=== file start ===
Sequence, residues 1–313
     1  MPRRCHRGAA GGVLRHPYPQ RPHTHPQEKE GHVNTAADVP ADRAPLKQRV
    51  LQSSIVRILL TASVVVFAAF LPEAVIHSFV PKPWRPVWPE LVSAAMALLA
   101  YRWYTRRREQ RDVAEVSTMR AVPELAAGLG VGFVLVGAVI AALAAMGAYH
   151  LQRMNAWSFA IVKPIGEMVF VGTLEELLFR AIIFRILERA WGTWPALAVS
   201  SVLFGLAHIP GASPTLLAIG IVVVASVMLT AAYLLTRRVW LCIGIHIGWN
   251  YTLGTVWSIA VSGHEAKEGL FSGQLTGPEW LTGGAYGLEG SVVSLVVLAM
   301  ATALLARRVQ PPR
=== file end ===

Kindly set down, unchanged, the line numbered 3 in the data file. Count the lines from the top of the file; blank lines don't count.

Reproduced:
    51  LQSSIVRILL TASVVVFAAF LPEAVIHSFV PKPWRPVWPE LVSAAMALLA